Logo Logo
Switch language to English
Fröhlich Archangelo, Leticia (2006): Functional characterization of the CATS gene with respect to its role in normal hematopoiesis and in leukemia. Dissertation, LMU München: Medizinische Fakultät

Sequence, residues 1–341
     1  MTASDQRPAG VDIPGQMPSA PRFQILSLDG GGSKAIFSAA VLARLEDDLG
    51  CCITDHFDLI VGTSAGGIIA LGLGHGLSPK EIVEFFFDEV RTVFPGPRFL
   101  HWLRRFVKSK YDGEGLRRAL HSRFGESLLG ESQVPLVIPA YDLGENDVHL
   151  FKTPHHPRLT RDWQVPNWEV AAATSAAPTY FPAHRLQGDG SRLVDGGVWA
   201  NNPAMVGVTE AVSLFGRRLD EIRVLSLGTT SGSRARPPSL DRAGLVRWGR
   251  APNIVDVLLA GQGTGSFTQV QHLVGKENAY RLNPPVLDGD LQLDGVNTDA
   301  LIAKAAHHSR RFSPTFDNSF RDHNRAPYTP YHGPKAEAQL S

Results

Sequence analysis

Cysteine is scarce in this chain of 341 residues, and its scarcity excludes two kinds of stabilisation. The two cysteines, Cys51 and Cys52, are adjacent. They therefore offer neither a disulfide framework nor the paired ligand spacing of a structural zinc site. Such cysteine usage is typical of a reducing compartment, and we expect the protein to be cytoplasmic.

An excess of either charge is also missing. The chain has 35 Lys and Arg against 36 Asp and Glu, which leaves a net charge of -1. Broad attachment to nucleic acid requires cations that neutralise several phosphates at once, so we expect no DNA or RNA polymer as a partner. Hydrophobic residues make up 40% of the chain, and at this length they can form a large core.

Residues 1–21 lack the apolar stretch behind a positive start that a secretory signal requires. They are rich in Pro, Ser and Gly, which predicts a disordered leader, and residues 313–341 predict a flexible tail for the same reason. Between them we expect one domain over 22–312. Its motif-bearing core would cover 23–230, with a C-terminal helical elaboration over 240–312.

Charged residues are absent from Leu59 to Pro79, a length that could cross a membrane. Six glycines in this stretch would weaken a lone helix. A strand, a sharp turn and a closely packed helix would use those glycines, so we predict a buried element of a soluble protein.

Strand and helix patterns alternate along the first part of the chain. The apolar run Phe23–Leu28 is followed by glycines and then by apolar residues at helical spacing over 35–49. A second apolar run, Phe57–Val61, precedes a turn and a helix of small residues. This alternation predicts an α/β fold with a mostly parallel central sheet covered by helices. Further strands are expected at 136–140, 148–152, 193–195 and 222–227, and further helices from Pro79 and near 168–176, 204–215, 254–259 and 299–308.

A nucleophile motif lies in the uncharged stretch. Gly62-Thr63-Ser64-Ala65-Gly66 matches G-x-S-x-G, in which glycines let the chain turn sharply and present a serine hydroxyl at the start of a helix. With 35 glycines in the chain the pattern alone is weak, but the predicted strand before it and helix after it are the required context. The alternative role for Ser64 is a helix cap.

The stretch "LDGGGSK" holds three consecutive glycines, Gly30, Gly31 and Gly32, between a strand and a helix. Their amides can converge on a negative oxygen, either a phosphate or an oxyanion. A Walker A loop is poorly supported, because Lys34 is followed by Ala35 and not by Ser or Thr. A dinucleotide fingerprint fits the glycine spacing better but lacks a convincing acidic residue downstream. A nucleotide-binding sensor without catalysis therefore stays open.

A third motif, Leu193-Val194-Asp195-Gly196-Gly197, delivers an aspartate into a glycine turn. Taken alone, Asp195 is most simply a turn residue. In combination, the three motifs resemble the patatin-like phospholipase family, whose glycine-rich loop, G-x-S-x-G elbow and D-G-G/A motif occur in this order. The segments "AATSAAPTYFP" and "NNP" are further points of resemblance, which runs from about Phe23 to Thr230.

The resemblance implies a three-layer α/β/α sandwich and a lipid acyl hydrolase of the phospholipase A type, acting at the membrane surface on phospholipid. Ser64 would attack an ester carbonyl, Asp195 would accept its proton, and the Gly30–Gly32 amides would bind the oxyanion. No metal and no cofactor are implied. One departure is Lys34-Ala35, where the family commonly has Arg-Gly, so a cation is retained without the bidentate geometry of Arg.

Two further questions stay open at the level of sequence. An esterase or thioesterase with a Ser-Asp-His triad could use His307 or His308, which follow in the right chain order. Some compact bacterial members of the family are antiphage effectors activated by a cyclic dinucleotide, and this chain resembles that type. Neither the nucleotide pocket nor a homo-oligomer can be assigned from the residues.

The Clathrin Assembly Lymphoid Myeloid leukemia gene (CALM) was first identified as the fusion partner of AF10 in the t(10;11)(p13;q14) translocation. The CALM/AF10 fusion protein plays a crucial role in t(10;11)(p13;q14) associated leukemogenesis. Using the N-terminal half of CALM as a bait in a yeast two-hybrid screen a novel protein named CATS (CALM interacting protein expressed in thymus and spleen) was identified as CALM interacting partner. Multiple tissue Northern blot analysis showed predominant expression of CATS in lymphoid tissues. CATS codes for two protein isoforms of 238 and 248 amino acids. The interaction between CALM and CATS was confirmed by co-immunoprecipitation and colocalization experiments. The CATS interaction domain of CALM was mapped to amino acids 221 to 294 of CALM. This domain is contained in the CALM/AF10 fusion protein. CATS localizes to the nucleus and shows a preference for nucleoli. Expression of CATS was able to markedly increase the nuclear localization of CALM and of the leukemogenic fusion protein CALM/AF10. This effect of CATS seems to be stronger on CALM/AF10 than on CALM. Several monoclonal antibodies against the C-terminus of human CATS were generated. These antibodies recognize both the human and the murine CATS protein. Western blot analyses showed that CATS is strongly expressed in different human leukemia, lymphoma and tumor cell lines but not in resting T-cells. High CATS expression in proliferating cells as well as its nucleolar localization suggest a role of CATS in the control of cell proliferation. In order to gain further insight into CATS function we used CATS as a bait in a yeast two-hybrid screen. Several CATS interacting proteins with apparently unrelated function were identified. Interestingly, on closer scrutiny these proteins could be associated with three key regulatory pathways: signaling, apoptosis and cell cycle control. We discuss in detail the biological relevance of the CATS interaction with the two apoptosis-associated proteins HAX1 and SIVA, the cell cycle regulator KIS and the CALM interacting ribonucleoprotein PCBP1. Our results indicate that the subcellular localization of CALM and CALM/AF10 could depend in part on the presence of CATS with a greater fraction of CALM or CALM/AF10 being present in the nucleus of cells with high CATS expression (e.g. lymphoid cells have high CATS expression). Moreover we provide evidences that CATS function might be tightly linked to cancer initiation and/or progression. The CALM-CATS interaction might thus play an important role in CALM/AF10 mediated leukemogenesis.